Keith, the Lead Developer for a funded SF startup, emailed me yesterday:
“I’m pretty bored at work. Yeah, I’m thinking of just quitting. There’s no energy here, and I’m not learning anything. Even the managers look bored. They announced we got a bridge round that gives us six months runway, and the managers weren’t excited at all. Maybe I don’t really care about “the mission” anymore.
Honestly, the only thing holding me back is those stupid algorithm questions in the tech interviews. I suck at those. I signed up for a Coursera class to brush up, so hopefully, I can quit in a month.”
I get an email from folks who want to quit their jobs pretty regularly in my Biggest Problem survey.
As this isn’t a one-off, let’s break it down and see what’s going on.
First, Keith says he’s bored. Then he says there’s “no energy here.” Next, that he’s “not learning anything.” He’s questioning if he “cares about the [company’s] mission anymore.” Finally, and I think this is important, the only reason Keith hasn’t quit is his lack of confidence about technical interviews. Yikes.
Literally, Keith is probably looking on Indeed.com right now. Or, taking off early today for an interview.
Don’t forget, Keith is a Lead Developer. He manages the work of others. I happen to know that Keith has a team of four in SF and another eight in Russia. So, Keith’s attitude probably isn’t only affecting him, but the whole team, and maybe other teams.
Takeaways First, when people disengage, they start thinking it’s time to leave. I have yet to talk to someone in the past five years who said, “I’m bored at work, and there’s no energy here, but I wouldn’t dream of leaving.” They are always thinking of leaving.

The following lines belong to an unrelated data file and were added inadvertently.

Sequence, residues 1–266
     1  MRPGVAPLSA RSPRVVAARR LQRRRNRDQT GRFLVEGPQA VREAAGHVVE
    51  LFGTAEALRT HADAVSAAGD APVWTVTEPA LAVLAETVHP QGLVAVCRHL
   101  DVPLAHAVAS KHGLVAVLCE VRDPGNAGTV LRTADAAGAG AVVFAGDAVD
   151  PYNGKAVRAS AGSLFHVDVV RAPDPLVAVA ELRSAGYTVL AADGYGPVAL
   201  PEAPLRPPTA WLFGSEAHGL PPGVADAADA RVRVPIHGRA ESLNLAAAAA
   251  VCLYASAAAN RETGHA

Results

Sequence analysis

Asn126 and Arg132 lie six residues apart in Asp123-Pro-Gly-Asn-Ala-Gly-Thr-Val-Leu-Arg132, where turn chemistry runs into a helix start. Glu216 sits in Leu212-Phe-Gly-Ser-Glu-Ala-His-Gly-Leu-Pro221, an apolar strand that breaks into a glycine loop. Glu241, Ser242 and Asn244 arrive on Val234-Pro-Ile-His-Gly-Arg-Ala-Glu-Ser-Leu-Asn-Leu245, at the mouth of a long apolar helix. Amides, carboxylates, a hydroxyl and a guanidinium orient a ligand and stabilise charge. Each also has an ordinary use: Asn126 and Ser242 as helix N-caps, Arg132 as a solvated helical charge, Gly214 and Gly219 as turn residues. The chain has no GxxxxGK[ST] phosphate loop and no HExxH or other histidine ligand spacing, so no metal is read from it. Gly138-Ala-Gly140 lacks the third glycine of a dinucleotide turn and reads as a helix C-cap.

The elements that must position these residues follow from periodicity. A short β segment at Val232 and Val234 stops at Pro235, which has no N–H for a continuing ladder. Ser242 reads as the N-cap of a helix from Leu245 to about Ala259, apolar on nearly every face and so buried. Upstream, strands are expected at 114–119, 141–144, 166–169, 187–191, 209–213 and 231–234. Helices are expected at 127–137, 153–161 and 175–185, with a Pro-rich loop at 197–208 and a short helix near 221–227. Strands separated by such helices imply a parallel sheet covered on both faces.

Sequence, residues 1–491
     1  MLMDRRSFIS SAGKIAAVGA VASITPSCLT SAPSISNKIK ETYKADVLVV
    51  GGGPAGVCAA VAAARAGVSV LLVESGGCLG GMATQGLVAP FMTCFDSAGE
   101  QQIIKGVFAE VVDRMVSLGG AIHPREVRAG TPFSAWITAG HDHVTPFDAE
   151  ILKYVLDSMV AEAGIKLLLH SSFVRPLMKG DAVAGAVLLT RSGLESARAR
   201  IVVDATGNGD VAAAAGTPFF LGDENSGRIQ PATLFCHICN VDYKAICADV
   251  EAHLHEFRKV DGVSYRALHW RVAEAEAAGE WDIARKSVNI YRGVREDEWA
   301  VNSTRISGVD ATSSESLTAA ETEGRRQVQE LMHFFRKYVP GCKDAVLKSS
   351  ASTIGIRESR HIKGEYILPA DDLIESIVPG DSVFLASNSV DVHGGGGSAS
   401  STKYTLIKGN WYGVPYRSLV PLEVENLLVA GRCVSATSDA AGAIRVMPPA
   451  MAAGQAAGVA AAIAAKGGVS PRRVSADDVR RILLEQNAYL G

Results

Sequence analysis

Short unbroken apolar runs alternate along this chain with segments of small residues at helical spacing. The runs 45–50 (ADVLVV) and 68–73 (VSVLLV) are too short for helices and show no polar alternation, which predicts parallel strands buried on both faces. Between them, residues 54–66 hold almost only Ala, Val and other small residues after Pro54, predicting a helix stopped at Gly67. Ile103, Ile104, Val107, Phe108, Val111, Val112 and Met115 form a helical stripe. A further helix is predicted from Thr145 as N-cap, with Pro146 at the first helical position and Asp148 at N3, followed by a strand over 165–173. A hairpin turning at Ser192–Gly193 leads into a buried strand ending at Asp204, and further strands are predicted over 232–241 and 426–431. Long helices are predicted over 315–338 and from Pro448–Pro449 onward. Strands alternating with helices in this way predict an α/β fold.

Second, I’d be shocked if Keith’s boss and his team have missed the change. It’s obvious when someone’s checked out, even if we don’t know why. Yet, no one has mentioned it to him. In fact, he was recently told he’s doing a great job at work.
Third, Keith’s chief complaint is about the environment he’s working in. The environment is low-energy, boring, and doesn’t offer learning opportunities. Of course, this is just his perception of the environment… but his perception is what matters if you want to keep him? If he sees it that way, then it’s true for him. HE’s feeling a lack of energy. HE’s board. HE doesn’t see learning opportunities. It doesn’t matter much if someone else sees things differently, HE has fallen out of love with the company.
Let’s go back to our definition of leadership: Leadership is the process of creating an environment where everyone can participate in solving the problems at hand.
That kind of environment is never boring, is energized, and offers continuous opportunities for learning.
It doesn’t just happen by accident but through intentional efforts. You have a great deal of control over the environment and can lead your team to create this productive environment.
Talk with them about it, and see where they are at. Maybe you have a Keith in your midst. Maybe you can talk with them today, and head off their resignation